Jessie Laidlay Weston (1850–1928) was an independent scholar and folklorist, working mainly on mediaeval Arthurian texts.
Her best-known work is From Ritual to Romance (1920). In it she brought to bear an analysis harking back to James George Frazer on the Grail legend, arguing for origins earlier than the Christian or Celtic sources conventionally discussed at the time. It was cited by T. S. Eliot in his notes to The Waste Land. (He later claimed that the notes as a whole were ironic in intention, and the extent of Weston's actual influence on the poem is unclear. Eliot also indicated that the notes were requested by the publisher to bulk out the length of the poem in book form, calling them "bogus scholarship".)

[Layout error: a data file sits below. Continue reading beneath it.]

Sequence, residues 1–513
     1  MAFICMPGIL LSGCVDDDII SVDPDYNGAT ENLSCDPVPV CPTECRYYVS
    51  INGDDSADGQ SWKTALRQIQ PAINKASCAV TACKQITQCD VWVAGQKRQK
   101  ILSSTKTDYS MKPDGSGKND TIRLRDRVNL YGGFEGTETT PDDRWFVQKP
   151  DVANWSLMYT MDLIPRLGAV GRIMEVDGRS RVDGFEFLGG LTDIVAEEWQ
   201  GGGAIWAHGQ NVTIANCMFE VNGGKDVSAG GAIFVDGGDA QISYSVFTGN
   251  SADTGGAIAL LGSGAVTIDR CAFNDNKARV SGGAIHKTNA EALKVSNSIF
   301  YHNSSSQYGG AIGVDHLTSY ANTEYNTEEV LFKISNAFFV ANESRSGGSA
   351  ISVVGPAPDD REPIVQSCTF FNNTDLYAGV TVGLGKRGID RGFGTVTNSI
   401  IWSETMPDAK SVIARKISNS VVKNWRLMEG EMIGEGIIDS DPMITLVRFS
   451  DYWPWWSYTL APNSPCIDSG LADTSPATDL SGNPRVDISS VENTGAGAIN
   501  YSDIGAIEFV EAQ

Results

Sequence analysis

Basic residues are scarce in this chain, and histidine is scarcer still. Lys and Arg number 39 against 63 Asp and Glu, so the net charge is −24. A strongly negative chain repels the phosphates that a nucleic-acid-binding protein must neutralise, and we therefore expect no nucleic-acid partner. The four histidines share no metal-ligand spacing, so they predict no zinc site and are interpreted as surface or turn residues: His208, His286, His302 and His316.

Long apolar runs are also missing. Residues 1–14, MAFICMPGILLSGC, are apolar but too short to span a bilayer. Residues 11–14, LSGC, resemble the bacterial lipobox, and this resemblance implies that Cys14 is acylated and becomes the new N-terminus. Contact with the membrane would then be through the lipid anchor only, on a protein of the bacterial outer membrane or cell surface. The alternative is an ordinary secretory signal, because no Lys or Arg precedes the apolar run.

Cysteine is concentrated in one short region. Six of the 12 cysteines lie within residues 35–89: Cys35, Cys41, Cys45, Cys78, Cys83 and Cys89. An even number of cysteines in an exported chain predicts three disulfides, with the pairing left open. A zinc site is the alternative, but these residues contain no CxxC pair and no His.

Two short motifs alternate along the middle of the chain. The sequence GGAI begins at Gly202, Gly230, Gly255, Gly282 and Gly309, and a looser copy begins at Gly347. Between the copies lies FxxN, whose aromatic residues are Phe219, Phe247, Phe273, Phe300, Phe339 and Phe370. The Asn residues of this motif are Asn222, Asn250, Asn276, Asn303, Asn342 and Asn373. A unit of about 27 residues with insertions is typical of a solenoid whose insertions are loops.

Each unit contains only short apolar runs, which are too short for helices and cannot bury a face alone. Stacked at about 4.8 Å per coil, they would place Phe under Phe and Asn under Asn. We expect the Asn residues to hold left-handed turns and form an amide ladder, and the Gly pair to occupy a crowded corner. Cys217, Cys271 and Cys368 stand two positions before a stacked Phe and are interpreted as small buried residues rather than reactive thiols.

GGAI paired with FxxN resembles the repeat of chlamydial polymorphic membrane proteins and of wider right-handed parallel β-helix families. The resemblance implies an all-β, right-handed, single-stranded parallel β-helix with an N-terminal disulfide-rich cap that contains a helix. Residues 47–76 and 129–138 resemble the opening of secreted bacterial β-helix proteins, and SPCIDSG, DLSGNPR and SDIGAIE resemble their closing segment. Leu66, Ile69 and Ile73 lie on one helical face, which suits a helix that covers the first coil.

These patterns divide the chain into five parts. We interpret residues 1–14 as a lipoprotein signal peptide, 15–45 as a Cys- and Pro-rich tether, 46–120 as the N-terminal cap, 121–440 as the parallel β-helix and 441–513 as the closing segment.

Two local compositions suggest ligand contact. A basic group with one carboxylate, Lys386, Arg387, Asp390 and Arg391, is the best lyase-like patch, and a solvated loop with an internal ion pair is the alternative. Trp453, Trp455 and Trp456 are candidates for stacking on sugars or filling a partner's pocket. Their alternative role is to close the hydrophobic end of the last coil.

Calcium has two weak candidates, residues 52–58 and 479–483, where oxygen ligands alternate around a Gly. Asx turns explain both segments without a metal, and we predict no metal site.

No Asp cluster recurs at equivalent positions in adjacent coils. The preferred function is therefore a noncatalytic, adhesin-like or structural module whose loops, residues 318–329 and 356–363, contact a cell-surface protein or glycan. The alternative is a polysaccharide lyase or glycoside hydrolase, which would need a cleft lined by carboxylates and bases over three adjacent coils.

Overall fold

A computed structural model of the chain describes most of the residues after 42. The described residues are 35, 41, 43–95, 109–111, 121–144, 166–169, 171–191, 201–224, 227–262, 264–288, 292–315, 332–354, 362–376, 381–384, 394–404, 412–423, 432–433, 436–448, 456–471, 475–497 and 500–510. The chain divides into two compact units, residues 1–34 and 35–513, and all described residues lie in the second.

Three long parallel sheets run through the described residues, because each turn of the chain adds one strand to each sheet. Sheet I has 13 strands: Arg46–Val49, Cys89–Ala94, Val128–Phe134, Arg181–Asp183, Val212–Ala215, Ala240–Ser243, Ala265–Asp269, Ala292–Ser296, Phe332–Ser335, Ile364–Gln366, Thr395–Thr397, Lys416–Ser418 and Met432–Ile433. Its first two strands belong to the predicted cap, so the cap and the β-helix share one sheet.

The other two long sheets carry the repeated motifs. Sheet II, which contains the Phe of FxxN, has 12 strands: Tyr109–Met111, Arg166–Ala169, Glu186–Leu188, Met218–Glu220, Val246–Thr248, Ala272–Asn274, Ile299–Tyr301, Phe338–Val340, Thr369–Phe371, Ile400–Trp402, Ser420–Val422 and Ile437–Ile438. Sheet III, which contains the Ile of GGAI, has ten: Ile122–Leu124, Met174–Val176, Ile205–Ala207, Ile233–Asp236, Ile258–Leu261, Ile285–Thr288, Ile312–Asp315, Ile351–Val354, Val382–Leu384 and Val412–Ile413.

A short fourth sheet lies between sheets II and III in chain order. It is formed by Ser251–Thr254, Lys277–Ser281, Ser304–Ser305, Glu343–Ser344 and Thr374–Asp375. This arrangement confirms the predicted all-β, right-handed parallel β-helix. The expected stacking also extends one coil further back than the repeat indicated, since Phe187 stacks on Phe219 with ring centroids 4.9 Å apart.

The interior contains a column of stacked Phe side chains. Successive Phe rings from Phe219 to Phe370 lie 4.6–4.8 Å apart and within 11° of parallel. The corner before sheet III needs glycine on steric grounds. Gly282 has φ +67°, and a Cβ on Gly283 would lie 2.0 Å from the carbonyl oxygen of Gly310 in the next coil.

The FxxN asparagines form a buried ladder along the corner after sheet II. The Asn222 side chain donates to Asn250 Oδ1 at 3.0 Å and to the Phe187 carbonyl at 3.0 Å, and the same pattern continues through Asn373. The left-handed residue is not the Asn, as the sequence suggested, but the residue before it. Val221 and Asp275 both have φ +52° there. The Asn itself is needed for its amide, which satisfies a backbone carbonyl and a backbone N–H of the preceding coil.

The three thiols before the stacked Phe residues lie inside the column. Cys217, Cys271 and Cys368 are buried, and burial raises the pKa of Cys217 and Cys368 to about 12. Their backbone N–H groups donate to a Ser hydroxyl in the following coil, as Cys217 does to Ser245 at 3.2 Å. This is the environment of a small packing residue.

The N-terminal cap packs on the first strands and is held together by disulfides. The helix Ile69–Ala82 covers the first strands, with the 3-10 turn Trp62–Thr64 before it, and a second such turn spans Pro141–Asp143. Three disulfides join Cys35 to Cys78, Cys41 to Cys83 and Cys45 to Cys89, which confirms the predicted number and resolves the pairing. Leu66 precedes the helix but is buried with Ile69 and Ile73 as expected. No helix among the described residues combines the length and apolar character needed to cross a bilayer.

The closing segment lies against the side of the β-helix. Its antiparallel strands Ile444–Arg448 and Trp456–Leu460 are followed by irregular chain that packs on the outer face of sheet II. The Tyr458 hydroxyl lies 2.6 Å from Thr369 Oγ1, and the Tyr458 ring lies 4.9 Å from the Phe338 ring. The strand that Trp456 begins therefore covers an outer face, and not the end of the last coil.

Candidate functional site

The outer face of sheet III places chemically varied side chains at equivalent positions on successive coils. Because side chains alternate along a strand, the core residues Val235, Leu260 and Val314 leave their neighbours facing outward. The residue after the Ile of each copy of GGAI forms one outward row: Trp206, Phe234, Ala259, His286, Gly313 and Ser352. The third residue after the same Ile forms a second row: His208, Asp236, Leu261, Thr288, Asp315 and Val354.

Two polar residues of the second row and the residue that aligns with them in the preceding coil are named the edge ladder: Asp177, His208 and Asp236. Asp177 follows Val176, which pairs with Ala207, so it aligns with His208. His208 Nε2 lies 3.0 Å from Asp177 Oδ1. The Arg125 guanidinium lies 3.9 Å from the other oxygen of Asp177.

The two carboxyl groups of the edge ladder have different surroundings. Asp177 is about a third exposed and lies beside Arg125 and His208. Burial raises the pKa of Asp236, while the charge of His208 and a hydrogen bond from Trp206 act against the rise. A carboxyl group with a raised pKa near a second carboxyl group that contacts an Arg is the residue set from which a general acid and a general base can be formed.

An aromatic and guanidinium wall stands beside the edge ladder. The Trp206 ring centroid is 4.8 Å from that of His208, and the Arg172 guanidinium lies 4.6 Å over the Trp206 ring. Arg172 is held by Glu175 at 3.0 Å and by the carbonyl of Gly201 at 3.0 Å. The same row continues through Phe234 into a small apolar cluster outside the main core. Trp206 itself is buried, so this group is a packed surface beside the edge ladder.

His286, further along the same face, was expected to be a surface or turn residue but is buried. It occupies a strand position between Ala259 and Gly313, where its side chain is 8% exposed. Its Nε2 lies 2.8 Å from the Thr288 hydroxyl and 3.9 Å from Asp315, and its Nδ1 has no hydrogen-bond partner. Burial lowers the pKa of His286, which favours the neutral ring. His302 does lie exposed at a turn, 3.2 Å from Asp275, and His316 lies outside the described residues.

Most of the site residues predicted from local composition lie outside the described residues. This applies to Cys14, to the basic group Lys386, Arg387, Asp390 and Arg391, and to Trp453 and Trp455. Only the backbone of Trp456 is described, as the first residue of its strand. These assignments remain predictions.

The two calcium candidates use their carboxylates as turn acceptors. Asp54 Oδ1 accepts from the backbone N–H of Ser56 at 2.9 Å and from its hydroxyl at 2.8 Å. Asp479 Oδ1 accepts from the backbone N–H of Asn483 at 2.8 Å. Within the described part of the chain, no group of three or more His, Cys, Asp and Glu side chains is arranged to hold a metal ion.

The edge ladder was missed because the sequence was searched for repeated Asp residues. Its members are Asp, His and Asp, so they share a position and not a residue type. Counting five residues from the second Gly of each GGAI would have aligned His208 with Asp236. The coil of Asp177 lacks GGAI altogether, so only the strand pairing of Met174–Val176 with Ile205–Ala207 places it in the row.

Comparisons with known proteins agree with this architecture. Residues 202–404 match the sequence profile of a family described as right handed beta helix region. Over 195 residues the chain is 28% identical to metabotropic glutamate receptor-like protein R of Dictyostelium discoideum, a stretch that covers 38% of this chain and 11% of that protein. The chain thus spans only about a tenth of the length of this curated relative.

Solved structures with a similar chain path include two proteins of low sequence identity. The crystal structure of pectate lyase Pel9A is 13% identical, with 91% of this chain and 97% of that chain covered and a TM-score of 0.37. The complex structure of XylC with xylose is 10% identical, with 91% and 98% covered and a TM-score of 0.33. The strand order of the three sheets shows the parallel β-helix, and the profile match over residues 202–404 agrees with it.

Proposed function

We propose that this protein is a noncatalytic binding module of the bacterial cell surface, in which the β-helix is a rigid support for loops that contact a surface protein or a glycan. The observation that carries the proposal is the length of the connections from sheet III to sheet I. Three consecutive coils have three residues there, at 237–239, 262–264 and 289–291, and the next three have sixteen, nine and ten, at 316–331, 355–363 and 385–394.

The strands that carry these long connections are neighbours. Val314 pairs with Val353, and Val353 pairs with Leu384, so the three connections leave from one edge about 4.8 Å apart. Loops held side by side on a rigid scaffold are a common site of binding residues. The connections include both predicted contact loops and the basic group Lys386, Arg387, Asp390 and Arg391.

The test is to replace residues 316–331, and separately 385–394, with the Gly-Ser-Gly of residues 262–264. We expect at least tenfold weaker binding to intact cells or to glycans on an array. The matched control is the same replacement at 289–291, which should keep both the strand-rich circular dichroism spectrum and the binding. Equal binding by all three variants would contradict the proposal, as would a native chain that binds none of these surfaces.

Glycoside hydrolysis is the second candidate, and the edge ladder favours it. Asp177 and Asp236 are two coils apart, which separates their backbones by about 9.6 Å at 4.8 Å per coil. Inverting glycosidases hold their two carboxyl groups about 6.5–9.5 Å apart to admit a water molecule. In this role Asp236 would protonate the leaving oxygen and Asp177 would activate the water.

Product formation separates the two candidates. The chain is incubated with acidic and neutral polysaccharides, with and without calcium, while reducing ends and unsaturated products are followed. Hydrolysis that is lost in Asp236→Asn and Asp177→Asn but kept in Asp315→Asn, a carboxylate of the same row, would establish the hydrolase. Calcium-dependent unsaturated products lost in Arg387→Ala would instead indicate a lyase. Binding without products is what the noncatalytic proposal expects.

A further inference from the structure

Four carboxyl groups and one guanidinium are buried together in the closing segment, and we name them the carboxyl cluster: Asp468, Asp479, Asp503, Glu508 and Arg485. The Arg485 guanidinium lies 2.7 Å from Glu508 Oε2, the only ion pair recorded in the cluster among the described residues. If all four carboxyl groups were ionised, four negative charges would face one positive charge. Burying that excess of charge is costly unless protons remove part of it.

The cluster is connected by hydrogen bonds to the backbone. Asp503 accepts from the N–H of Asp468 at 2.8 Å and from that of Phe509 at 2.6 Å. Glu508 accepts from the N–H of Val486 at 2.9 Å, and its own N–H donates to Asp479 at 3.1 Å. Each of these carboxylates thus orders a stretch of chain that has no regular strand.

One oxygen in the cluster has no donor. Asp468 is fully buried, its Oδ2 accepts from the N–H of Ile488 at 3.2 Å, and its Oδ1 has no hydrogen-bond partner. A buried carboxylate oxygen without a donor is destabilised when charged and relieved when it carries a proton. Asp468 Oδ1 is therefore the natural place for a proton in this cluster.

It also caused her to be dismissed as a theosophist by F. L. Lucas, in a hostile review of Eliot's poem. The interpretation of the Grail quest as mystical and connected to self-realisation, which she added to the anthropological layer of reading, was to become increasingly popular during the 1920s. According to Richard Barber in The Holy Grail: Imagination and Belief, the Wasteland as theme in the Grail romances is of minor importance until the last works of the cycle, and the emphasis on fertility is "an interpretation which has haunted twentieth-century literature to a degree quite disproportionate to its basis in fact". The book appears in the film Apocalypse Now amongst those kept by the character Kurtz, along with The Golden Bough.